I’ve argued that adoption is a “leap-frogging” of other assimilation processes, notably immigration. What does it mean when adoption is given precedence over and favored above such other processes?
I read today that the Dave Thomas Foundation for Adoption publishes a yearly list of “Adoption-friendly workplaces”, such as Cornell University [link], whose web site proudly exclaims:
Cornell provides up to $5,000 adoption assistance per child ($6,000 for adoption of a child whom the IRS has defined as having special needs). Cornell parents can also apply for grants to assist with child care expenses of up to $5,000 per year and receive up to 16 weeks of parental leave—some as paid leave—to aid with their transition to a larger family. An on-site child care center, back-up care services and a dependent care consultant also help Cornell parents meet their career/life responsibilities.
“This year, we launched several new programs to meet the needs of diverse adoptive families, including sponsoring a support group for transracial adoptive and foster families that was begun by a Cornell parent; offering an LGBT adoption workshop; and providing workshops on mindfulness-based parenting of teens and tweens,” said Lynette Chappell-Williams, associate director for inclusion and diversity. “Cornell also helps internationally adopted children transition into their new environment by matching college students, as mentors, with adoptee children,” she said.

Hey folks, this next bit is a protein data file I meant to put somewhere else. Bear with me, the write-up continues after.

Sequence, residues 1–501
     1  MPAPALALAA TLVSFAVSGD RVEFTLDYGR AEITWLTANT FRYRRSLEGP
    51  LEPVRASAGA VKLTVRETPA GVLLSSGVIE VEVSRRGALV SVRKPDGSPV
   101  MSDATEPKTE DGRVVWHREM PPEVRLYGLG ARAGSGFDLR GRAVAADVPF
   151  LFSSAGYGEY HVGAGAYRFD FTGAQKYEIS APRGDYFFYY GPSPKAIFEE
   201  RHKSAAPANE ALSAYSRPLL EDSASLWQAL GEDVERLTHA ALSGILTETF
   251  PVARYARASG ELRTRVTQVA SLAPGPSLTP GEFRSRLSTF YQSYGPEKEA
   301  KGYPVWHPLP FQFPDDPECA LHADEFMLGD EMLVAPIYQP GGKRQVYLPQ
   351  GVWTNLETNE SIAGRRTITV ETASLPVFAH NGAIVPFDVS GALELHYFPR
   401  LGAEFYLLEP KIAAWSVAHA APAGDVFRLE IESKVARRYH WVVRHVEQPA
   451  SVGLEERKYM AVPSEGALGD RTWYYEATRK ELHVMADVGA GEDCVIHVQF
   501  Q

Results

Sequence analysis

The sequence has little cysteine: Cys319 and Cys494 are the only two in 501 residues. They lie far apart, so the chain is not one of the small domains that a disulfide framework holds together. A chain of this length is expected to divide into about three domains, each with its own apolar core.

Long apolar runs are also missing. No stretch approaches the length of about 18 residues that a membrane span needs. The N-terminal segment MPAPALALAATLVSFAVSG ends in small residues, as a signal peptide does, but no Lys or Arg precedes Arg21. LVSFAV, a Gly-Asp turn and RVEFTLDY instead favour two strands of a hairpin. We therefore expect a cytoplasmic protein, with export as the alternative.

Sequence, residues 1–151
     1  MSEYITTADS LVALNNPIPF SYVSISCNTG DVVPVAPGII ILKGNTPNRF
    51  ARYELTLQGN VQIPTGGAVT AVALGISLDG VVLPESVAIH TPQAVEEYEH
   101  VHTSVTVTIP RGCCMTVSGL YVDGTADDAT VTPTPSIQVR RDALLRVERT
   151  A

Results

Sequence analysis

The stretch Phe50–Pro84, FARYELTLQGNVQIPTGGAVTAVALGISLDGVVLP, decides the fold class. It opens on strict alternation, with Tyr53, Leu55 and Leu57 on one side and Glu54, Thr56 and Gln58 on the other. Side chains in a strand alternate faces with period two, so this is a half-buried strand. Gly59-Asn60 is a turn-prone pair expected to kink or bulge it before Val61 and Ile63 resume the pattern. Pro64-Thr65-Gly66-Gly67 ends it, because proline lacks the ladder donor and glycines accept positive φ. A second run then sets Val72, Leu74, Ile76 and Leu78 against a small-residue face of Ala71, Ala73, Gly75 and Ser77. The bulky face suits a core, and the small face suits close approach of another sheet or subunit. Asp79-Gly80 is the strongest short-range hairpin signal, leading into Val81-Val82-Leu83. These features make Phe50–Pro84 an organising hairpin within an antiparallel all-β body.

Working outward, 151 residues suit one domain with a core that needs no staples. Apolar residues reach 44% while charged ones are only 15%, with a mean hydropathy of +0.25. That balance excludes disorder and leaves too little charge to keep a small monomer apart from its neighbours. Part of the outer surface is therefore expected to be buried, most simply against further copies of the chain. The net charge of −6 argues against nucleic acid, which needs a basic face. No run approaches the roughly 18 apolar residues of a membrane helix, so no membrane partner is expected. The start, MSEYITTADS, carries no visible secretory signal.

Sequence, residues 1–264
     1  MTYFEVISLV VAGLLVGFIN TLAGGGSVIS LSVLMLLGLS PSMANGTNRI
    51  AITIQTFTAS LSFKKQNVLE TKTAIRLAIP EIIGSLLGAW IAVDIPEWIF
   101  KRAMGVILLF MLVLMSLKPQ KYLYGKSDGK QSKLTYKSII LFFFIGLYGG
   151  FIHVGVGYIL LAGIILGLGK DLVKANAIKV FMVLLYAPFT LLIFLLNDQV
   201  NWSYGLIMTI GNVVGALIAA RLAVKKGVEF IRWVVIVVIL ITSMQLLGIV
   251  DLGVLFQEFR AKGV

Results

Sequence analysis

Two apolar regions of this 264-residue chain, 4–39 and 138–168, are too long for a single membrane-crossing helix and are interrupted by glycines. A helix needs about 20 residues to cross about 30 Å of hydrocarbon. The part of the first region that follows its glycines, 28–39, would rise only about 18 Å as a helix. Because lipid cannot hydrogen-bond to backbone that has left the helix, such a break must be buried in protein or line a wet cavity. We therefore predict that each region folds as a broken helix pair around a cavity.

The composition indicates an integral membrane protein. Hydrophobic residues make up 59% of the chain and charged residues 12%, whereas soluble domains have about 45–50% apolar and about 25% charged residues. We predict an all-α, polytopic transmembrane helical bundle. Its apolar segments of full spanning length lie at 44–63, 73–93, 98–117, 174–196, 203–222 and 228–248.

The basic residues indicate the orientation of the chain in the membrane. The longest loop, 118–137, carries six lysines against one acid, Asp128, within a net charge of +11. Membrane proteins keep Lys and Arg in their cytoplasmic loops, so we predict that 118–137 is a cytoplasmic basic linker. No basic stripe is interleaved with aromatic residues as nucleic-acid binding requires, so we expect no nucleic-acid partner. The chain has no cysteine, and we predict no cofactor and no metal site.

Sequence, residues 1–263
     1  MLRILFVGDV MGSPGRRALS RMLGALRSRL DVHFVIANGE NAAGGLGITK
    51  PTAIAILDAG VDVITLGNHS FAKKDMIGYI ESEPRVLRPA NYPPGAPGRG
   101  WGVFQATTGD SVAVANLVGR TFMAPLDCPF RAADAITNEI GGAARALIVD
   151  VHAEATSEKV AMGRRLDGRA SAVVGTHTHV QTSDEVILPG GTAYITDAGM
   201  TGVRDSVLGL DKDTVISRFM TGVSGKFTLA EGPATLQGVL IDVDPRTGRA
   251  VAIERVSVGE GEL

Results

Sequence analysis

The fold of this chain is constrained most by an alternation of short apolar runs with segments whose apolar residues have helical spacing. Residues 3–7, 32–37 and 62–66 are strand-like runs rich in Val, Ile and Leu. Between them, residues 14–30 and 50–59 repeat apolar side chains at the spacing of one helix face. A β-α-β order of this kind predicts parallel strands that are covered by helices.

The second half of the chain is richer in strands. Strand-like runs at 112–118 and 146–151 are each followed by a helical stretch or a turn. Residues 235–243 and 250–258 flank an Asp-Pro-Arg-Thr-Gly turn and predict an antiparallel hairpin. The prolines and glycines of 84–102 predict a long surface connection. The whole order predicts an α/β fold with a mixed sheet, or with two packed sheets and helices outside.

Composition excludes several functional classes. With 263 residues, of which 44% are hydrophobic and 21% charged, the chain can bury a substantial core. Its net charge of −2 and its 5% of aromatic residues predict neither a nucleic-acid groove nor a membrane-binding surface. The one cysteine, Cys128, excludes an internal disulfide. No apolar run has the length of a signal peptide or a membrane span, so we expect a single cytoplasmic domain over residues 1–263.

First question: What does “mindfulness-based parenting” mean?
Second question: What does it mean when a society goes out of its way to reward those who already have? What if this “aid” were also destined to original families? What does it mean when programs such as affirmative action are scrubbed, but “international adoptees” get special treatment?